From Persia to Paisley to Plymouth.....
18 August 2022
This beautiful outfit is one of many currently on display in our ‘Dress Code – Fashion Stories from The Box’ exhibition. The show gives a great insight into our costume and textiles collection, which isn’t often displayed, and the stories that connect the garments and accessories it contains with Plymouth.
The dress dates from the 1840s and is made from shot silk with a red lace trim. The copper effect has been created by weaving with different coloured silk threads: cream and dark red.
At the time when the dress was created, fashions were highly structured with wide silhouettes. The bodice has been reinforced with thin steel ‘strengtheners’, while the skirt is supported by a layer of cotton padding that would have been worn over several petticoats.
The dress has been paired with a large and very beautiful printed shawl with a fringe. It dates from 1840-1870 and is made of silk with an intricate pattern that mimics the traditional tear-drop designs of Persian woven textiles.
Shawls from Northern India and other stops on the silk route were highly desired accessories in the first half of the 1800s, when the powerful East India Company began to import them. British weavers moved quickly to make affordable alternatives inspired by the delicate and skilful designs, including those in the Scottish town of Paisley.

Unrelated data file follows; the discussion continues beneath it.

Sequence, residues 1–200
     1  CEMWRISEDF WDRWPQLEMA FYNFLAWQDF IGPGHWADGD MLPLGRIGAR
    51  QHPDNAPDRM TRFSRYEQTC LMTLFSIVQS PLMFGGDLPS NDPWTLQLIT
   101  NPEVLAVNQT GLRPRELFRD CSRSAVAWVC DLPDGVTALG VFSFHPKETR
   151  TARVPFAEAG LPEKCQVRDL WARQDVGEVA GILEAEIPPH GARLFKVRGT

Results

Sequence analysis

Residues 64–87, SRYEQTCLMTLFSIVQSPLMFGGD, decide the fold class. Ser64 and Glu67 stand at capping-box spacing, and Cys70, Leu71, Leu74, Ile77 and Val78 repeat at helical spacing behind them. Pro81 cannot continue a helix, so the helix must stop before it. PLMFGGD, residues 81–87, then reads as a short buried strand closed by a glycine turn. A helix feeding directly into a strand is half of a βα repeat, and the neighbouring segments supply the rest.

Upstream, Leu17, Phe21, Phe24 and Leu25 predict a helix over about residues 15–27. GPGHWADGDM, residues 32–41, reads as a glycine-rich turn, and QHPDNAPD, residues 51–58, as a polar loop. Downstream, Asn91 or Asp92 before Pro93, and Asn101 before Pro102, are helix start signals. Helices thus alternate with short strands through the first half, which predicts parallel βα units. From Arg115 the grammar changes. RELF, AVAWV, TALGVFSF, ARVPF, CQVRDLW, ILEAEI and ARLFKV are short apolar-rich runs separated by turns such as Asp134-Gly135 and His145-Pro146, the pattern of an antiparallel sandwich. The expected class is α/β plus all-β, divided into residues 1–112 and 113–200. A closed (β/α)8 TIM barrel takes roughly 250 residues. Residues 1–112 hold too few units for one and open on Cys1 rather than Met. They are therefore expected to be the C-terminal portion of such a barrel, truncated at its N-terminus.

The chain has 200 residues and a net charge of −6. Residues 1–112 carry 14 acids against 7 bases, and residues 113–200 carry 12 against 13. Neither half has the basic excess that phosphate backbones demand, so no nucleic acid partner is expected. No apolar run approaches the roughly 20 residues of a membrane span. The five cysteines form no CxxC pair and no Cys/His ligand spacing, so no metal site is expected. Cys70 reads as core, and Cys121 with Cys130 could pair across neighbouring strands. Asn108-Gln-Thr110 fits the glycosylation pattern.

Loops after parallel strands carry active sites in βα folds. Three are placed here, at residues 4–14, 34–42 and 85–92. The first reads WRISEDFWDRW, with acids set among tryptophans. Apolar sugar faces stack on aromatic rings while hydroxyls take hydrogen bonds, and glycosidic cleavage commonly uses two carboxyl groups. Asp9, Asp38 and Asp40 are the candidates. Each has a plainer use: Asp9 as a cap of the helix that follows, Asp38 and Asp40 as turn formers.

Located near Glasgow, the Industrial Revolution turned Paisley from a small market town to an important industrial one. By the mid-1800s weaving had become the town’s main business and, although shawls dropped out of fashion in the 1870s, the Paisley pattern has endured ever since.
It uses the Persian droplet motif, known as a boteh or buta (an example is pictured below). It's thought to have been a representation of a floral spray combined with a cypress tree – a symbol of life and eternity in the ancient Persian religion known as Zoroastrianism. The seed-like shape is also thought to represent fertility, and connects with Hinduism because of its resemblance to the yin-yang symbol.
It’s still hugely popular in Iran and South and Central Asian countries where it’s woven onto fine clothing for weddings and celebrations in gold and silk thread. Here, it’s been used on everything from high fashion to domestic wares and gifts. Even ‘The Beatles’ loved it and wore it frequently during their Eastern-influenced period in the late 1960s.
You can see the dress and shawl on display in 'Dress Code - Fashion Stories from The Box' until 4 September. Exhibition opening hours are 10am-5pm Tuesday to Sunday and Bank Holiday Monday. Admission is free and there’s no need to book.